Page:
Friday, April 3, 2020

After You've Gone 1946

This animated short gem was part of the musical feature Make Mine Music.
The song was written by Harry Creamer and Turner Leighton. It was performed by Benny Goodman's quartet, with Goodman on the clarinet, Teddy Willson on the piano, Sid Weiss doing bass and Cozy Cole on drums. 
I love this short. It features nothing more than than a variety of anthropomorphic musical instruments interacting with each other and dancing to Goodman's music. I would call the animation semi abstract, with exhilarating timing and color styling.
I am not sure who sketched these story/color continuity pages, but they are lovely and make for good study as far as how Disney was breaking down a piece of jazz music with entertaing visual results.

Here is a magazine article featuring tis segment from Make Mine Music.

Wednesday, March 25, 2020

Albert Uderzo R.I.P.

A giant in the world of comics has died. Albert Uderzo drew the legendary Asterix comic albums that became a part of millions of childhoods as well as adulthoods. I was -and still am- in love with his work on Asterix and other characters. Genius!

I did one post on Uderzo a while ago, but since then have found more pics from our lunch in Paris, around 1995. I was working on the Mickey short Runaway Brain at the French Disney studio in Montreuil, just east of Paris.
On the left is Didier Ghez, who arranged this get together. On the far right is his daughter Sylvie.

Uderzo stops by the French Disney studio. That's animator Catherine Poulain in the middle, and animator Sylvain Deboissy on the right.

A few of us had lunch with Uderzo after the studio visit. Animator Yoshi Tamura is in the back.

On the left are Paul and GaĆ«tan Brizzi, who would later direct the Firebird sequence in Fantasia 2000.

Here is the link to my 2014 post on Uderzo:

Saturday, March 21, 2020


This is a scene by Milt Kahl with Prince Phillip's horse Samson. At first I thought the drawings correspond with the film frame above, but they don't. In the color image Samson reacts to the forest animals stealing the prince's cape, hat and boots. 
It turns out that the actual scene in the film shows broader animation than what you see below. 
I believe this scene was cut from the movie. It might have been Mitl's original version, before being asked to re-animate it with a much stronger reaction.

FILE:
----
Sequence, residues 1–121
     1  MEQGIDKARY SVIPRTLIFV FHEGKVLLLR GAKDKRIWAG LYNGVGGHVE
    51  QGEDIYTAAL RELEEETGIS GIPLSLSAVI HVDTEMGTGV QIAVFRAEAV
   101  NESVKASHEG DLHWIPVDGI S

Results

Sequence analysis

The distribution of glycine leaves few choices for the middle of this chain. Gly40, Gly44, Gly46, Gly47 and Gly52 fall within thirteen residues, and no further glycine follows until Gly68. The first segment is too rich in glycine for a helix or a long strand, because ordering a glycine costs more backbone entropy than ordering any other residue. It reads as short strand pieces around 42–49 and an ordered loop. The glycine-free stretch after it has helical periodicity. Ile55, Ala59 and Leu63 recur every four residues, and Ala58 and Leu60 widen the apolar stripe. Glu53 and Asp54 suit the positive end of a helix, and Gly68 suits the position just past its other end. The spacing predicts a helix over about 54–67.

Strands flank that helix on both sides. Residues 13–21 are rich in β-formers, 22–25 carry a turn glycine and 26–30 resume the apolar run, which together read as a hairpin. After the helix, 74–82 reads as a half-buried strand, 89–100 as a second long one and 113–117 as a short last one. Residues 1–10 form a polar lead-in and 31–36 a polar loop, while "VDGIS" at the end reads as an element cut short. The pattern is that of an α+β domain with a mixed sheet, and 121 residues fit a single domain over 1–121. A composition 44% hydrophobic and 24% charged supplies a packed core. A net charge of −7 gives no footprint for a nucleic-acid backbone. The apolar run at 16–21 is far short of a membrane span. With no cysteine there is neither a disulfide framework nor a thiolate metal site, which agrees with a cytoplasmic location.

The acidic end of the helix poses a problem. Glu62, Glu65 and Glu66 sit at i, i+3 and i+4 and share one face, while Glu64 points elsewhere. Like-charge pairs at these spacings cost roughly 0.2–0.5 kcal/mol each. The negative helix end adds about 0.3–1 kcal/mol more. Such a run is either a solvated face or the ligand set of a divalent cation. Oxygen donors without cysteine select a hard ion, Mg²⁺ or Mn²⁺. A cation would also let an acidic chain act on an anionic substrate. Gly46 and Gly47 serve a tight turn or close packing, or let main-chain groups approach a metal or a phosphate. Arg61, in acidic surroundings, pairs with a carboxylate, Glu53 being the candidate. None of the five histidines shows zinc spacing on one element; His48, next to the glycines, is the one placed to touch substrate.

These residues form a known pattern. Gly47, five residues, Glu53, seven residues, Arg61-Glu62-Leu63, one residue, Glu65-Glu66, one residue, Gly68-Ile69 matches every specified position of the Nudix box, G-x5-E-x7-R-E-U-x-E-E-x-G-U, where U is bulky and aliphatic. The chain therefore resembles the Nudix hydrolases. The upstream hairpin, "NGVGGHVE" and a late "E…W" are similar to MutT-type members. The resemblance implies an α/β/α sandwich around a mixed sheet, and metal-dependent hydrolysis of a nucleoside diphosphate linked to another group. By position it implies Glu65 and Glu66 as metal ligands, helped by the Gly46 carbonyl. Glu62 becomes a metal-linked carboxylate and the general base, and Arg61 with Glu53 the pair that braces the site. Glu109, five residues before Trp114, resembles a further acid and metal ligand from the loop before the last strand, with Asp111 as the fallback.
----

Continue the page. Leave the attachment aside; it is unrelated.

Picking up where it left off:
It is interesting to see Milt applying multiple images to the horse's muzzle when he shakes his head. He did this off and on when his characters moved very fast. (Pongo jumping on Roger's lap, Kaa uncoiling before falling down a tree).
Occasionally these motion blur type lines were ignored by the inkers and painters and eliminated, other times they made it on to the final cels.
You can imagine Milt finding out that his animation was altered....lots of colorful language.

Monday, March 16, 2020

Honest John

That's Norm Ferguson animating the fox Honest John in Pinocchio.
(I feel like telling Ferguson: Don't touch your face, and wash your hands...!)
I am literally mad about this character, and I think not enough people are talking about him in terms of outstanding acting and personality development. Every single scene he is in just shines.
Not ONE missed opportunity to present ultimate entertaining moments.
Any of the key poses he strikes are inventive and full of character. Other animators who did fantastic work on Honest John are John Lounsbery, Hugh Fraser, Preston Blair and Shamus Culhane.
Quite the crew!!

Wednesday, March 4, 2020

Prince Outtake

There is delicate perfection in this Milt Kahl key drawing from a scene that was cut from Sleeping Beauty. Prince Phillip is leaning against a tree in the forest, probably talking to his horse Samson about that beautiful voice he just heard. 
That scene was eventually re-staged with Phillip sitting down as he takes off his boots.

What is also interesting to note is that the drawing represents Milt's earlier design of the character.
The tip of the nose comes to a point, which was a design feature Walt Disney disliked. Milt altered the nose slightly for the final version.

This is actually a small drawing, the guy is about 5 inches tall on paper.

More on Prince Phillip's design development here:

Saturday, February 29, 2020

Animators' Footage on Jungle Book